An advocacy group has launched a constitutional challenge to Saskatchewan’s restriction on outdoor protests.
The Justice Centre for Constitutional Freedoms (JCCF) said its lawsuit was filed on behalf of two people who were ticketed at outdoor protests.
Under Saskatchewan’s current public health orders, no more than 10 people can attend outdoor public and private gatherings, with physical distancing of at least two metres between households.
Marty Moore, a JCCF staff lawyer, said prohibiting outdoor protests of more than 10 people violates freedoms guaranteed in the Charter of Rights and Freedoms.
Moore alleges it violates freedoms of thought, belief, opinion and expression, peaceful assembly and association.
“(It) strikes at the heart of activities central to the functioning of a free and democratic society, with little if any corresponding public health benefit,” Moore said in a statement.
“This unconstitutional limitation is further being enforced in a discriminatory and arbitrary manner targeting those expressing their opposition to the government’s lockdown measures. The unjustified infringement of Canadians’ constitutional freedoms cannot go unchallenged.”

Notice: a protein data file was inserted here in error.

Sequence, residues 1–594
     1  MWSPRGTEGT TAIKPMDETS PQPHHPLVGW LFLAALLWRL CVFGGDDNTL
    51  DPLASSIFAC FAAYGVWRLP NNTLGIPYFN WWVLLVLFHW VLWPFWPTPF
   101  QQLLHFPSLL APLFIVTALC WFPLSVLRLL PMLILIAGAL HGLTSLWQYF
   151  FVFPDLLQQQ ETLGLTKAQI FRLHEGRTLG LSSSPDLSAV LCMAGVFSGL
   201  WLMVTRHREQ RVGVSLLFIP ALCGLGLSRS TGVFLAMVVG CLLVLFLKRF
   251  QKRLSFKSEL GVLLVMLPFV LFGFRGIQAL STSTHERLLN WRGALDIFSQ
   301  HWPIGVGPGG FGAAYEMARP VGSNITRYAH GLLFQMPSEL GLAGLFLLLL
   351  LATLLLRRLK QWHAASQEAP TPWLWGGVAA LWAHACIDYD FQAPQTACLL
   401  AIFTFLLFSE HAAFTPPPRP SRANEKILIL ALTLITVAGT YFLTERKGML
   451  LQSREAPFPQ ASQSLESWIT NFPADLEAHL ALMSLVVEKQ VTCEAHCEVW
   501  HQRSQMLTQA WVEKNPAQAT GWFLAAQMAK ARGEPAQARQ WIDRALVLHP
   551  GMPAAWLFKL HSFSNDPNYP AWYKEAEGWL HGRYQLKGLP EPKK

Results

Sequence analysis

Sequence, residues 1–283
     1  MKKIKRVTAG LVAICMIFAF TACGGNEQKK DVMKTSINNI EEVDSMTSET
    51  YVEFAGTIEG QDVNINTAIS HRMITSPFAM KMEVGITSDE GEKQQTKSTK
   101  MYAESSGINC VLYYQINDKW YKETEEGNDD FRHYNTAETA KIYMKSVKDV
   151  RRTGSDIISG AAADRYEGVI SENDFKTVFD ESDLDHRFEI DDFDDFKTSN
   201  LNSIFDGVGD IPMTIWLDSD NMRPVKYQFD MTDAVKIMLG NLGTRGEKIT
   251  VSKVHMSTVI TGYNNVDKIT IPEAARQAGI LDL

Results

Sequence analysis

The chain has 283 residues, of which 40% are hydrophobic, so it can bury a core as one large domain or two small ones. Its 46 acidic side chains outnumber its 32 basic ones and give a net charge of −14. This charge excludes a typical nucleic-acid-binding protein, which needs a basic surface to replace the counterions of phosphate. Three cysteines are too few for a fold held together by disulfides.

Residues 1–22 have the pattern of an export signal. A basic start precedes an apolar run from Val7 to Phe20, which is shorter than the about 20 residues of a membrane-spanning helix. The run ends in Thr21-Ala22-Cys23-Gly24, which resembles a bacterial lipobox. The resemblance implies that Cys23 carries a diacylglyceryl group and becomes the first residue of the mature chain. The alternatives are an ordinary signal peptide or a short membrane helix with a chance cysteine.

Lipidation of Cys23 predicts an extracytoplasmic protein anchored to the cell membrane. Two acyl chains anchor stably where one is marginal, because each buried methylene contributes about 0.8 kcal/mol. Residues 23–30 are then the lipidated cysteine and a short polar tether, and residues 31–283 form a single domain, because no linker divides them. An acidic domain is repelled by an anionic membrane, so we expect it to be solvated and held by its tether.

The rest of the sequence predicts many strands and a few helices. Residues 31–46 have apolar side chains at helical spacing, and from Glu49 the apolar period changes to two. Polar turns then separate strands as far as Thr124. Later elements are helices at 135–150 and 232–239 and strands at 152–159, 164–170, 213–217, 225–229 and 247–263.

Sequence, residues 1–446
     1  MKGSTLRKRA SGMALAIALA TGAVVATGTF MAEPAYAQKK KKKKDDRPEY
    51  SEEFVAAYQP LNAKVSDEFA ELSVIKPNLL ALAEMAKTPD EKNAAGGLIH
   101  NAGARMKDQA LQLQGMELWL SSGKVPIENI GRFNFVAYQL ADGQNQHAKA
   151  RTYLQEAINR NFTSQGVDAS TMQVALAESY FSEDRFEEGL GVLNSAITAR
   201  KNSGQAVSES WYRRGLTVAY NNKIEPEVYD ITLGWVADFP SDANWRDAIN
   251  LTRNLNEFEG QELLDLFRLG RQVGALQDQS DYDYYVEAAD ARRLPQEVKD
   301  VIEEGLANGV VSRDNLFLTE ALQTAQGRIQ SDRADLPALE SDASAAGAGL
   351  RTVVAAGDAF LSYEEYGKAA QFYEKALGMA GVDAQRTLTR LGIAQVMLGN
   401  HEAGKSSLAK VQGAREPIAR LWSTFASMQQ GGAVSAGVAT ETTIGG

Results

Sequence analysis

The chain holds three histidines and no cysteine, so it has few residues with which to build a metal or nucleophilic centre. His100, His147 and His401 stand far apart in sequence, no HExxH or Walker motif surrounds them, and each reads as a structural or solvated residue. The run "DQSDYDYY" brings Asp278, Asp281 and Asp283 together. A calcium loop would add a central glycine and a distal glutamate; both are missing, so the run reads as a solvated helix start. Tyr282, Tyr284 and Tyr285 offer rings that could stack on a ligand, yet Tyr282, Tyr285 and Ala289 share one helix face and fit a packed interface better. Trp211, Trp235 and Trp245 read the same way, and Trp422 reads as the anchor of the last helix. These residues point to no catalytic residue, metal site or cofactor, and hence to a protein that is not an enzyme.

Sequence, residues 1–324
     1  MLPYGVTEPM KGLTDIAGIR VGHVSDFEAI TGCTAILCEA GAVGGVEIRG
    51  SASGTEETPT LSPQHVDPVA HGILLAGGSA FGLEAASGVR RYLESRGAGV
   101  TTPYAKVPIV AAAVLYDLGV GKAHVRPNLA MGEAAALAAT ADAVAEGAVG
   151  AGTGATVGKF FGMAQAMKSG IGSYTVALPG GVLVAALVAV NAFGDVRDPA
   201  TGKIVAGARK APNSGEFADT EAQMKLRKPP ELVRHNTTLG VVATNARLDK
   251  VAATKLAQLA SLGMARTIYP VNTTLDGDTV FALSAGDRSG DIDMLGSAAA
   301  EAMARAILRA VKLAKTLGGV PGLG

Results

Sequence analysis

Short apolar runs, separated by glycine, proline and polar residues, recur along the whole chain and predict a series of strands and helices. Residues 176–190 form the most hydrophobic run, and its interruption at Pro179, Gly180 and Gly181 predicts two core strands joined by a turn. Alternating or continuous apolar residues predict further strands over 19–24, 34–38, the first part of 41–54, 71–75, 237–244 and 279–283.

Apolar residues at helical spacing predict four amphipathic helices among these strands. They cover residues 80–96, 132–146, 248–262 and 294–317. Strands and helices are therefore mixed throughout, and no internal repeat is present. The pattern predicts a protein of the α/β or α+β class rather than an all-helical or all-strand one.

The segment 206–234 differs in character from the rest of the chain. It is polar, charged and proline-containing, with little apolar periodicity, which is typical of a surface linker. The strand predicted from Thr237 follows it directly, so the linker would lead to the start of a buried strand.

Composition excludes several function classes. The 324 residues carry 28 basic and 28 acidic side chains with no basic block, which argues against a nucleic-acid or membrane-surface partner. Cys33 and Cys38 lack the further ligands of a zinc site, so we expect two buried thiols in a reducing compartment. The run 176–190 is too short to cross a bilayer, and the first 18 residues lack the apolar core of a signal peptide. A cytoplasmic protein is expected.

None of the allegations have been proven in court.
A spokesperson for Saskatchewan’s Ministry of Justice declined to comment on the lawsuit as the matter is before the court.
The JCCF said the two individuals were each ticketed $2,800 after attending a protest at the Vimy Memorial in Saskatoon’s Kiwanis Park on Dec. 19, 2020.
Jasmin Grandel has been ticketed at almost every protest she has attended in Regina, according to the JCCF.
She is questioning what she says is the lack of transparency around the information the government is using when invoking measures and why her son must wear a mask in kindergarten.
The JCCF said Darrell Mills has concerns over improper mask-wearing and the burdens it places on individuals with physical or psychological conditions that prevent them from wearing masks.
A court date has not been set.